Tom, thanks—strategic narcissism is a term used to communicate and describe our tendency to define these challenges that we’re facing only in relation to us and to assume that what either we decide to do or what we decide not to do is decisive toward achieving a favorable outcome. Now, this is a problem mainly because it’s self-referential and because it doesn’t acknowledge the agency, the influence, the authorship over the future that others have. And, as a result, we tend to base our plans and our strategies, again, based more on fantasy and what we would like the world to be, instead of this competitive environment that we’re in. And so the argument of the book is to counter that strategic narcissism with strategic empathy. And this is really an effort to understand what drives and constrains the other and, in particular, to pay attention to emotions and ideology and aspirations.

So I wanted to get into strategic empathy. So that’s the corrective you offer for strategic narcissism. The world is a place full of independent actors, national and international, with their own histories, interests, capabilities, motivations, grievances. And, as Americans, in our discussions about foreign policy and how we formulate that policy, we have to take that into account. So in order to flesh that out, that idea of strategic empathy a bit more I wanted to apply it to a specific case, like a case study of China. Because I think that’s one of the most important challenges of our time, if not the most important. So I guess the question is two-pronged. How have we fallen prey to strategic narcissism vis-à-vis China in the past? And going forward, what would a policy, what would a China policy, defined by strategic empathy really look like?

For far too long, we clung to the assumption that the Chinese Communist Party, having been welcomed into the international order, would play by the rules, and, as China prospered, it would liberalize its economy and eventually liberalize its form of governance. Of course, we know now that that was not the case. But we clung to that flawed assumption for too long because of strategic narcissism—because we defined China as we would like China to be instead of recognizing that the Chinese Communist Party is driven by fear mainly, fear of losing control. That’s why the party is obsessed with control and extending and tightening its exclusive grip on power internally. But the party is also driven by aspiration. This is this aspiration to realize the China dream and to realize this vision of national rejuvenation. And so we undervalued the degree to which emotion and ideology drives and constrains Chinese Communist Party. And as a result, we didn’t compete with China.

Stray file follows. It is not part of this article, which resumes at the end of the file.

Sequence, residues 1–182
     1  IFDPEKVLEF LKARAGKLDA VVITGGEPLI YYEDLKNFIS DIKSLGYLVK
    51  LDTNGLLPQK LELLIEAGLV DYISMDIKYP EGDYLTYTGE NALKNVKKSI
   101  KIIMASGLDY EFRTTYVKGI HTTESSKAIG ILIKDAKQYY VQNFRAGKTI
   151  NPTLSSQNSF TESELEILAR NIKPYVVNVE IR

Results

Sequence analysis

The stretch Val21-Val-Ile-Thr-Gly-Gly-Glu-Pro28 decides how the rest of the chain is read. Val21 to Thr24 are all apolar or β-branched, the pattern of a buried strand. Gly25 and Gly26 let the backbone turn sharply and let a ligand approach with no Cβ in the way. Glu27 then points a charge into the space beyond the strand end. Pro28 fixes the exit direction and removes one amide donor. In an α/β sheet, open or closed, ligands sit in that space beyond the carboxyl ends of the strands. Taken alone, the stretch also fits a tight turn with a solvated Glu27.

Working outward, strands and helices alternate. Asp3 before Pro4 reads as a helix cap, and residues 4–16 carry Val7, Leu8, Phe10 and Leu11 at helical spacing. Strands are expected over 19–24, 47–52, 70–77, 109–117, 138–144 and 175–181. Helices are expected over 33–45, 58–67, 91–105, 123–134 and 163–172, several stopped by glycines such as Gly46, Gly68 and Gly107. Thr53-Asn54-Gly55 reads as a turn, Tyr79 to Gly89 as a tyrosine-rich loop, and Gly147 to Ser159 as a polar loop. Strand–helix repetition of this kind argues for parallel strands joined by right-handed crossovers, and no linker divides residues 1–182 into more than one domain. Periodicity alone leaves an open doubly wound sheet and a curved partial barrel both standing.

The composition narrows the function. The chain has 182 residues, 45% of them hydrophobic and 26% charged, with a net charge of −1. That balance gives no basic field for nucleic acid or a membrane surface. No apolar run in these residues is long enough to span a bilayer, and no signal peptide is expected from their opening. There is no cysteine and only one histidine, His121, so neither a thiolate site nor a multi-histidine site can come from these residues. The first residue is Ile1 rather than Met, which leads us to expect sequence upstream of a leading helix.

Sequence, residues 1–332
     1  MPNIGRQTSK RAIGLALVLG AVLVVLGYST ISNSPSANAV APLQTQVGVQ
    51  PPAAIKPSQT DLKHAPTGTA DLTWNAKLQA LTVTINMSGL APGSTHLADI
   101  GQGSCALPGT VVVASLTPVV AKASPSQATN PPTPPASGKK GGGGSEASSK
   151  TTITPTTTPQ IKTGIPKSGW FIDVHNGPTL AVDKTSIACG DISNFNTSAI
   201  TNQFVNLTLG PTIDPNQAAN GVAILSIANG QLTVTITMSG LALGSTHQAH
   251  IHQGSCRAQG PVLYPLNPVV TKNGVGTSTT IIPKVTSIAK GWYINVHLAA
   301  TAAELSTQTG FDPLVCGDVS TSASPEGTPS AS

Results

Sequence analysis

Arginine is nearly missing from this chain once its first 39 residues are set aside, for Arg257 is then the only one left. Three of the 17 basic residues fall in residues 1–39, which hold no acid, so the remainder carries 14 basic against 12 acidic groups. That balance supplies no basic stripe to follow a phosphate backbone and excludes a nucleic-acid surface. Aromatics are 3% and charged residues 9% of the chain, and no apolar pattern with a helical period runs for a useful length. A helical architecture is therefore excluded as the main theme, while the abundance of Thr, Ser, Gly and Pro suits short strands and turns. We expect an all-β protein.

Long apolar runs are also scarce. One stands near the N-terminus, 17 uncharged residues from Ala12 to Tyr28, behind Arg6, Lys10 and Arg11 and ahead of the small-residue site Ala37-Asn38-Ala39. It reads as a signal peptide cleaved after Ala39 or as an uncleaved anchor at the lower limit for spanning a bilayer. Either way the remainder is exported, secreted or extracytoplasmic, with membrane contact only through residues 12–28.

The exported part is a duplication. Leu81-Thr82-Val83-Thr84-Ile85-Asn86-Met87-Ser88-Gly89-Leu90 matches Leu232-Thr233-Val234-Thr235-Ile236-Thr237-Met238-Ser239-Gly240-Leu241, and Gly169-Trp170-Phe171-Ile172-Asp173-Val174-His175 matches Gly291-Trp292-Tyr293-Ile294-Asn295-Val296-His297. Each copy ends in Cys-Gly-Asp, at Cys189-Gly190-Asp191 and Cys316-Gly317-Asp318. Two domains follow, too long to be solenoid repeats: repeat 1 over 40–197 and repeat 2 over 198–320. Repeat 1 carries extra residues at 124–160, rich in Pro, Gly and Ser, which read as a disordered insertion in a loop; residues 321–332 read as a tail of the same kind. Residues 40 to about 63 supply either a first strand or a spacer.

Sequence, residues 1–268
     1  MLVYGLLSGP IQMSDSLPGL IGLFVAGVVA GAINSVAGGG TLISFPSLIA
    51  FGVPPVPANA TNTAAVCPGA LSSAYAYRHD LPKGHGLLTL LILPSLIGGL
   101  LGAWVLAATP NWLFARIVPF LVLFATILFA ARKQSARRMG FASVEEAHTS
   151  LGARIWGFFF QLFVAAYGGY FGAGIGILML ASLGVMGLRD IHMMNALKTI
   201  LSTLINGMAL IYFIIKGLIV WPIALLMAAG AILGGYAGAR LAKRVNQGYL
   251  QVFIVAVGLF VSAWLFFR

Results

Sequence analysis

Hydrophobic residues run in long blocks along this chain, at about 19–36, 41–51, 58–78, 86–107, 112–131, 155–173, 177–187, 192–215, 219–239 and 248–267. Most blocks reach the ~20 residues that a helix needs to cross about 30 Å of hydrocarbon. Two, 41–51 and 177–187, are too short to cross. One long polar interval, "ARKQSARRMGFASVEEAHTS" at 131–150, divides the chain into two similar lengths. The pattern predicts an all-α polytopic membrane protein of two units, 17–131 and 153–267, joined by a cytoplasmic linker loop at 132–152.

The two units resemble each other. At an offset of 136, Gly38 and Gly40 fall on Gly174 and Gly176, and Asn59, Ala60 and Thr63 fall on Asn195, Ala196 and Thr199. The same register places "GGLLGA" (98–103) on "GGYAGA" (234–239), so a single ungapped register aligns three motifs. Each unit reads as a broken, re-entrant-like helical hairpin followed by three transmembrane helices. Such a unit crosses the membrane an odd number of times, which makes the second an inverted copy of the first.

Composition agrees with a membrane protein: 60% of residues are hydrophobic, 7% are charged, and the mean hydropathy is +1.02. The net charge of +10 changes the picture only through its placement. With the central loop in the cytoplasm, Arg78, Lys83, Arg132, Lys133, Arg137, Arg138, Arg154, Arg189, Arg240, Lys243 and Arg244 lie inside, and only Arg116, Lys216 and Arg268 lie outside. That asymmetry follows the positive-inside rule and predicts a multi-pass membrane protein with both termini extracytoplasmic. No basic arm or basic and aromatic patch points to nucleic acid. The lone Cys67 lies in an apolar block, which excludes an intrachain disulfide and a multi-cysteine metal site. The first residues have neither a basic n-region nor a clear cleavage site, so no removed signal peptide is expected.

So, an effective approach would be to recognize what China is driven by: What were the factors that drive the party? What is the party’s strategy to allay its fears by tightening its grip on power internally? We see manifestations of that with over a million people in concentration camps, forced labor camps, the use of the social credit system, and their effort to perfect this technologically-abled Orwellian police state, the extension of the party’s oppressive arm in Hong Kong. I could go on obviously. But then, also, we see this internationally, with this effort to achieve national rejuvenation by exporting this authoritarian, mercantilist model. [There is] an effort to create servile relationships across the Indo-Pacific region and beyond that are exclusionary in nature: that China would be able to achieve a dominant position at the expense of the United States and other free and open societies. And so it’s that recognition that, then, is essential for us to be able to compete effectively. And, Tom, what we did is—because of our strategic narcissism, this definition of China as we would like it to be—we vacated critical arenas of competition. 

And so now, the argument in the book is to re-enter those arenas and to compete more effectively, not just the United States, but other free and open societies working together to counter China’s promotion of this authoritarian, mercantilist model because it’s important to all of us, Tom. I mean, if China succeeds, the world will be less free, less prosperous, and less safe.